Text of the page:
You know how some locations just seem cursed? Those odd retail or restaurant locations that just can't seem to support a business no matter what? Sometimes it becomes a sport to guess how long the next one will last and sometimes you just stop bothering to even try. That used to be the case at 187 Elm Street in Somerville, just a bit too far out of Davis Square and not quite close enough to Porter. In my memory it's been Carberrys, O'Naturals, Boloco, and Green Tomato at least. And now it's Pizzeria Posto, and I think the curse might be kaput.
Posto is a Neapolitan-focused slow-food influenced joint with a wood-burning pizza oven, a wine bar, and several impressive menu items beyond pizza. It's been packed on each of my three visits. The minimalist website is little more than menus and links to Facebook and Twitter - an interesting development I'm seeing more and more for businesses.
Pizza is Posto's main attraction. They serve just one size, a generous personal pizza, in ten classical and modern varieties with a handful of options from $12 for the Margherita to $18 for some of the fancier pies, with some add-ons that can take you to $25 and beyond. Fresh farm egg, anybody? The ingredients are top-notch and the crust is about right on the chewy-crispy continuum. I keep meaning to ask for mine well done to get more of the wood-fired char. Maybe next time.
With 19 red wines by the glass (yea, and some whites and pinks and fizzies too), this is a pretty serious wine bar. What really impressed me was the mix of prices - you can get a decent glass of wine for $5 In fact there are four reds and six whites for under $10 a glass. And there are some $20/glass reds too. The only odd thing - and maybe it's only odd to geeks like me - is that there's a gap in the red wine price curve between $6 and $11. Random omission, statistical aberration, sinister anchoring ploy? Who cares - drink up.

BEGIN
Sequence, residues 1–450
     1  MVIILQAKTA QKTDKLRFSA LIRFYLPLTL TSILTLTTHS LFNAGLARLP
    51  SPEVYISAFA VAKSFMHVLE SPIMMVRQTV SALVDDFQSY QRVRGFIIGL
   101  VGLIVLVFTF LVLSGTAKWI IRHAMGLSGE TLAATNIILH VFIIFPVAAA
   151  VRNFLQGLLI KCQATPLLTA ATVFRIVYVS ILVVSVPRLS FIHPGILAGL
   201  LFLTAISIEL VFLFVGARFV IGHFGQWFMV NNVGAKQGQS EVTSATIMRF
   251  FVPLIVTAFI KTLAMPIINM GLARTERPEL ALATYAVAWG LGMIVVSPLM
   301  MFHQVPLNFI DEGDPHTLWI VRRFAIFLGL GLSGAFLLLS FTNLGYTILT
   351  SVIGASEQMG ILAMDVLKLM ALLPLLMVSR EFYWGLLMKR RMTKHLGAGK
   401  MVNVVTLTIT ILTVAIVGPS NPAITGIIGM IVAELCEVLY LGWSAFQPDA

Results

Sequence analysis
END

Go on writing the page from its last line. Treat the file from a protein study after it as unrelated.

3. Et Cetera
Posto offers some attractive appetizers, including some nice arancini, classic calamari, and a delicious burata. They also offer some crispy fried pig's ear. Yes, you read that right. Like the saying goes, you can't deep-fry a silk purse.
With sea salt and lime, how could I resist? Well, let's just say it's probably nor for everybody. There's a real difference in the texture of the thin end of the ear and the thick end, and I'm not sure if either one is what I had in mind. But I'm glad I tried it and for $7 it was well worth checking out. There's no shortage of other pig parts on the menu, from roast pork and prosciutto on the pizzas to guanciale (that's jowl, folks) in one of the pasta dishes.
I've tried two of the three pasta dishes on the menu. Very impressive for a pizza joint, but it's obvious that we're not dealing with a regular pizza joint here. Agnolotti with veal, chard and savory herbs were delicately lemony and beautifully hand-made. Tagliatelle with braised rabbit, fava beans and peas was also a spring-themed winner.
Yes, there's even dessert. They make their own cannoli, of which I was initially suspicious - how could one restaurant do all this? Well, for $5 I ended up with two good-sized cannoli. No silly dipped shells, no campy candied fruit, just the shell, the cheese and the powdered sugar, folks.
Time will tell if Posto can overcome geographic destiny, but I'm rooting for it.